May 10

May 10.10: Chat Room, Game #32 vs. Nationals: Can Wright get it going again?

Right now, David Wright would be one of the first to admit this game is impossible to figure out. Wright took a 10-game hitting streak into Saturday’s game.

That streak hasn’t just been snapped, it has been shattered.

Since then, Wright has gone down on strikes eight straight times (he had a sacrifice fly in there that would have accounted for the winning RBI had not the bullpen not given up lead for the third straight game).

The last one got him ejected from Sunday’s game and had the Mets tied it would have brought on the fun scenario of Jon Niese in left and Jason Bay playing third base. There’s a morbid curiosity, I admit, of wanting to see that.

Wright denies it was a culmination that caused his explosion at plate ump Paul Schreiber, but it was certainly more than the “disagreement’’ he called it.

“In a season you’re going to go through some ups and downs and I’m not seeing the ball right now,” said Wright. “Hopefully I’ll get back to swinging the bat well. Obviously you want to go up there and put together some good at-bats but it hasn’t happened the last couple of days. I’ll keep plugging away and working at it until it does happen.’’

Wright is too good a player for it not to happen, but what is alarming is not the strikeouts, but the quantity. He has 41 on the season and the Mets play their 32nd game tonight against Washington.

“It’s a combination of me not seeing the ball that well right now and facing some good pitching,’’ Wright said. “It’s two-sided. Pitchers make good pitches, especially when you’re not feeling that good at the plate, and chances are you’re not going to be that successful.’’

Tonight the 17-14 Mets play the 17-14 Nationals with John Maine going against rookie Luis Atilano (2-0, 4.67), who is trying to bounce back from a six-run effort against Atlanta.

Maine (1-1, 5.97 ERA) appears to have righted himself after a rough start. H was 0-1 with 10.38 ERA in his first three starts, but 1-0 with a 2.30 ERA in his last three.

Here’s tonight’s line-up:

Angel Pagan, CF
Luis Castillo, 2B
Jose Reyes, SS
Jason Bay, LF
David Wright, 3B
Ike Davis, 1B
Jeff Francoeur, RF
Rod Barajas, C
John Maine, RP

METS NOTEBOOK: Catcher Henry Blanco was placed on the bereavement list and replaced on the roster by Josh Thole. … Mike Piazza said if he ever was inducted into the Hall of Fame he wanted to go in as a Met. “The bulk of my career was with the Mets,’’ he said. One of the most enduring images in Met history was his homer that beat Atlanta in the first game back from 9/11.

May 04

May 4.10: Chat Room, Game #27 at Reds: Looking for a bat.

The Mets have gone from streaking to sputtering in a matter of days, losing three straight after winning eight in a row. When the Mets speak of consistency, this isn’t what they had in mind.

They’ll try to right themselves tonight in Cincinnati against Bronson Arroyo, who has beaten them in his last four starts. John Maine, coming off a good start against the Dodgers, will go for the Mets. Maine (1-1, 7.15) is 0-3 with a 9.88 ERA in three career starts against the Reds. As far as trends go, this is not a good one.

The Mets’ immediate problem is offense. They have none. They were 2-for-10 with runners in scoring position last night, and left runners at least on second in the sixth, seventh and 11th innings. Nobody is consistently hitting with power.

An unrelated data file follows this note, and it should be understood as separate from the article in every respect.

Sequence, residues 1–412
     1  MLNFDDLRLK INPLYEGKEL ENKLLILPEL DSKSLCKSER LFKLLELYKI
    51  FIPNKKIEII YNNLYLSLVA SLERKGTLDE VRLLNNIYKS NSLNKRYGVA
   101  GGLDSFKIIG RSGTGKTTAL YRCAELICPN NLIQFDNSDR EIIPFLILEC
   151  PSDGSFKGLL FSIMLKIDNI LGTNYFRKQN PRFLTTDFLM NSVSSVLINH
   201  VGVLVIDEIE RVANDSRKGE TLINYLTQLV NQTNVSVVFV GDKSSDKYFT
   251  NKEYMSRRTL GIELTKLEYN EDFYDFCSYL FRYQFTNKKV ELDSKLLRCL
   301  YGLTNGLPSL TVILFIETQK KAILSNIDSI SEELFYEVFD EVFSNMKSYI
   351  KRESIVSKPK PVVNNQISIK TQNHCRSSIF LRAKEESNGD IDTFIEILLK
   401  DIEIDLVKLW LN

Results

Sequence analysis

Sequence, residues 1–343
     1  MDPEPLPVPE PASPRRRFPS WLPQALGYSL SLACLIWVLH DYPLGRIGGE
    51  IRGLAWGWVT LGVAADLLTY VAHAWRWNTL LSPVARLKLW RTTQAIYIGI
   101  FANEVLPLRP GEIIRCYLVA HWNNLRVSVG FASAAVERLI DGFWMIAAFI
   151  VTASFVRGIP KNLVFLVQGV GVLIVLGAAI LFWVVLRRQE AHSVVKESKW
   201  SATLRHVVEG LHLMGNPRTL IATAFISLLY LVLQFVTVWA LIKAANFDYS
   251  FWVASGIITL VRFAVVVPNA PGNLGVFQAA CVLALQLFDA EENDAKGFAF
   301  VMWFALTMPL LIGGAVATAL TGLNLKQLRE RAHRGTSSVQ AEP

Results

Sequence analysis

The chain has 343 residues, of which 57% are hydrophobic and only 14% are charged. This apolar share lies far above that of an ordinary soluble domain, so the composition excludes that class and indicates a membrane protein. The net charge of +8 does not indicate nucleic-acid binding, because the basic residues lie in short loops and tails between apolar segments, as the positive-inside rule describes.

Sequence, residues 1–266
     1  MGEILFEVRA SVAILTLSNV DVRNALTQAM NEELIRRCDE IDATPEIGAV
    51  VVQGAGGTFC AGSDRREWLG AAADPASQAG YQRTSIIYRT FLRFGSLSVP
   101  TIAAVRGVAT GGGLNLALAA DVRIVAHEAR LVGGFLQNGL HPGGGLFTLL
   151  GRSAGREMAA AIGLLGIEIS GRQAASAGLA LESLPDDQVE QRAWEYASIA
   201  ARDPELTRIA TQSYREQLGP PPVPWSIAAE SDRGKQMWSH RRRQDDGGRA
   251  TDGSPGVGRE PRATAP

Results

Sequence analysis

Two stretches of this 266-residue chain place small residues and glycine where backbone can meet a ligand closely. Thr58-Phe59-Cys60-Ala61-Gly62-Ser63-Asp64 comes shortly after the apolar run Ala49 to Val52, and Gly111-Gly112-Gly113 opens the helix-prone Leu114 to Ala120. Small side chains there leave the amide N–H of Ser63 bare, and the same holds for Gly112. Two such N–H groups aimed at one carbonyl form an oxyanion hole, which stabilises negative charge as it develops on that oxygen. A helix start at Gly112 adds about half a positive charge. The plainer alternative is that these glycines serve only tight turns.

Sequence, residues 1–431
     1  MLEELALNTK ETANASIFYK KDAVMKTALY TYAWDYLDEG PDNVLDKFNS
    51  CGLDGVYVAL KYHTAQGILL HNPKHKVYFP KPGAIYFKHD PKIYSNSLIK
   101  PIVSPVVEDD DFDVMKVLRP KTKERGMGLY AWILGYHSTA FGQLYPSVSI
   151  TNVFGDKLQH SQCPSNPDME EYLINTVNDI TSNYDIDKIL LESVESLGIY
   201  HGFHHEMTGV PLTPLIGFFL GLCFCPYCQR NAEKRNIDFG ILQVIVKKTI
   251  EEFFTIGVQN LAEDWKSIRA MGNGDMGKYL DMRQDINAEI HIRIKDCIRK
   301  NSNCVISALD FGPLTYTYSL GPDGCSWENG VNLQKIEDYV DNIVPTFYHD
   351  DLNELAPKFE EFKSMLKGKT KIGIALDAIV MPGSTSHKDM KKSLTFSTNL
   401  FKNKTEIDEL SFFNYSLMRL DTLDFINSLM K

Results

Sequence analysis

Here’s the line-up for the Mets (14-12) behind Maine:

Angel Pagan, CF
Luis Castillo, 2B
Jose Reyes, SS
Jason Bay, LF
David Wright, 3B
Ike Davis, 1B
Jeff Francoeur, RF
Rod Barajas, C
John Maine, RHP

NOTE: I’ve got my class tonight and won’t be back until 9. See you then.

Apr 29

April 29.10: Hope they don’t leave home without them.

The Mets wish they were playing the Phillies today. When you’re hot you don’t want to stop. Instead, they are off basking in the excitement of a 9-1 homestand.

When it began they were 4-8 and staring into irrelevancy in the National League. Today they are in first place and will take a half-game lead into Philadelphia Friday evening.

A lot of good things happened over the past week-and-a-half. Here are the nine most important trends and player developments, one for each victory:

Taking advantage: The Mets ran into three opponents who weren’t at the top of their games, but it would be unfair to say they beat up on bad teams. The Mets did what good teams are supposed to do, which is to pounce on the opposition when it is down. It’s not the Mets’ fault the Braves don’t know the infield fly rule. Too often last year the Mets didn’t take advantage of opportunities presented of them, but this time they went for the throat, which is the right mentality heading into Philadelphia.

The pitching: The starters have been particularly stingy, even Oliver Perez in terms of giving up runs. Still, Perez, John Maine and Jon Niese haven’t been able to go deep into games, but have been picked up by the bullpen. It can’t continue this way for the starters, but for now the bullpen is holding up to the strain.

John Maine: Wherever the Mets go this season, their GPS will be their rotation. Maine had been struggling, running his pitch count into the 100s while barely lasting five innings. Removed from his last start with spasms in his left arm, Maine recovered yesterday on a chilly afternoon to pitch into the seventh and earn his first victory of the season. He was on the verge of losing his spot in the rotation, but there’s now reason for optimism.

Mike Pelfrey: Pelfrey has been stellar all season, but had a rocky go of it in his last start with ten base runners through five innings. Yes, there was mumbling of this being “the same old Pelfrey,’’ but instead he pitched out of trouble with no runs scored. Not pitching well but finding a way to win is taking it to the next level.

Pedro Feliciano: The season began with a myriad of questions, not the least of which was the eighth-inning set-up role. Feliciano has been nearly untouchable giving up one run all season. During the homestand he appeared in five games and gave up one hit in 4 1/3 innings.